My Math Forum Log with negative exponent on TI-84 Plus Calculator

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 July 22nd, 2017, 05:11 PM #1 Newbie   Joined: Jul 2017 From: Meridian, ID Posts: 7 Thanks: 0 Log with negative exponent on TI-84 Plus Calculator Good evening to all - I have what may be a very basic (Newbie) sort of question ... I have a TI-84 Plus calculator, and I don't understand how to enter a log raised to the -1 power, on the calculator keypad ... An example of the formula I need to solve on the calculator is: 50 x Log-1(-0.1) Note that the "Log-1" is actually supposed to be Log raised to the -1 power (Not sure how to make the -1 appear as an exponent of the word Log - lol) Thanks in advance, for any suggestions !
July 22nd, 2017, 05:18 PM   #2
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depends on where you place the negative one ...
Attached Images
 log_(-1).png (1.6 KB, 11 views) log_(-1)_2.png (1.6 KB, 11 views)

 July 22nd, 2017, 05:21 PM #3 Senior Member   Joined: May 2016 From: USA Posts: 1,310 Thanks: 551 I know nothing about your calculator, but if what you want to compute is $\log_a \left ( x^{-1} \right )$ you can do so with $-\log_a(x)$. If what you want to compute is $\{\log_a(x)\}^{-1}$ you can do so with $\dfrac{1}{\log_a(x)}$. Thanks from Angus Last edited by skipjack; July 23rd, 2017 at 04:26 AM.
July 22nd, 2017, 05:36 PM   #4
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Quote:
 Originally Posted by skeeter depends on where you place the negative one ...
Yes, that's the problem it is actually written as the word Log with the -1 exponent immediately after the word Log .... So it is Log to the -1 power ... and that is then multiplied by another number (I wish I could paste an image of the formula on here, so you could see it).

*** Just like this formula, except that the -1 is an exponent (Log raised to the -1 power): log-1(x+3)

Last edited by Angus; July 22nd, 2017 at 05:41 PM.

July 22nd, 2017, 05:47 PM   #5
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Quote:
 50 x Log-1(-0.1)
$50 \cdot \log^{-1}(-0.1)$ ...

note this will yield an imaginary result ... you sure the $0.1$ in parentheses is negative?

July 22nd, 2017, 06:10 PM   #6
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Quote:
 (Log raised to the -1 power): log-1(x+3)
$\log^{-1}(x+3) = \dfrac{1}{\log(x+3)}$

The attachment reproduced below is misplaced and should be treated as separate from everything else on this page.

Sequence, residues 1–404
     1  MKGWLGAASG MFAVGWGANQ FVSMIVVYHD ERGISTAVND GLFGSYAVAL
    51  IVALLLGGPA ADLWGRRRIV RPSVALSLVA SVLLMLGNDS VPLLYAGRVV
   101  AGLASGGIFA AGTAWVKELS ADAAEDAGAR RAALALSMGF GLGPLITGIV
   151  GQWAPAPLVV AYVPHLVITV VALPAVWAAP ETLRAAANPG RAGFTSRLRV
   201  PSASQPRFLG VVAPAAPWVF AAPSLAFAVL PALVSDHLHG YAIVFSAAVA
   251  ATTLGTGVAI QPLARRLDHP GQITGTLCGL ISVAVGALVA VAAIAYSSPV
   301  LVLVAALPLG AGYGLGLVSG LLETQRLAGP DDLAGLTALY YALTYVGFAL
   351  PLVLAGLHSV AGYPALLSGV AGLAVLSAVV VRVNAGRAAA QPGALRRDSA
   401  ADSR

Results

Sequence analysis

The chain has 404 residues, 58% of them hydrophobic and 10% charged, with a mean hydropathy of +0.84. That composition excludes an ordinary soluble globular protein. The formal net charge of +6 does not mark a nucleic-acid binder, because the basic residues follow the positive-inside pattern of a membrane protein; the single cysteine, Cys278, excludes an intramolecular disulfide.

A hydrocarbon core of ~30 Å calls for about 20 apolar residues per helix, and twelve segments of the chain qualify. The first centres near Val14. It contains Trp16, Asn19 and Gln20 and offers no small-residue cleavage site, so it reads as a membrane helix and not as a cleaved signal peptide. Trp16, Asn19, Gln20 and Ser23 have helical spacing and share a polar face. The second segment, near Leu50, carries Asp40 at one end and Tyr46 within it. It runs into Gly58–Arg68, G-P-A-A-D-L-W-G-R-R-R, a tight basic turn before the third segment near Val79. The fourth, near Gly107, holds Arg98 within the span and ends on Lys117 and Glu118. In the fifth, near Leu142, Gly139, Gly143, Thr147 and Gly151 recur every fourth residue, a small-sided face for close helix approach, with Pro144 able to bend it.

now ... what are you trying to make the calculator do?

July 22nd, 2017, 06:14 PM   #7
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Quote:
 Originally Posted by skeeter $50 \cdot \log^{-1}(-0.1)$ ... note this will yield an imaginary result ... you sure the $0.1$ in parentheses is negative?
log4(x+3)-
Here is an image of the formula - http://mymathforum.com/attachment.ph...1&d=1500775993

Thanks Skeeter - I think we are getting close to a solution to my dilemma. I attached images so you can see the entire formula - Yes the 0.1 is actually negative. As mentioned, the only thing I'm struggling with is how to enter the Log raised to the -1 power, on the calculator keys.
Attached Images
 IMG_3324.jpg (19.3 KB, 6 views) IMG_3325.JPG (40.3 KB, 7 views)

Last edited by Angus; July 22nd, 2017 at 06:19 PM.

July 22nd, 2017, 06:30 PM   #8
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your text is using $\log^{-1}(-0.1)$ as an inverse log notation, that is ...

$\log^{-1}(-0.1) = 10^{-0.1} = 0.7943...$
Attached Images
 inverse_log.png (1.0 KB, 10 views)

 July 23rd, 2017, 03:49 AM #9 Newbie   Joined: Jul 2017 From: Meridian, ID Posts: 7 Thanks: 0 Thanks Skeeter (and others who helped). I have rarely ever worked with Logs, and did not understand that this was an inverse Log function. I think I can do these problems now - Thanks again for the kind assistance !
 July 23rd, 2017, 04:07 AM #10 Math Team     Joined: Jul 2011 From: Texas Posts: 3,005 Thanks: 1588 fyi, inverse log used to be written antilog(whatever) in the old days of log tables. To be honest, it's been a while since I've seen the negative one inverse notation used with logarithms ... kind of rare, actually.

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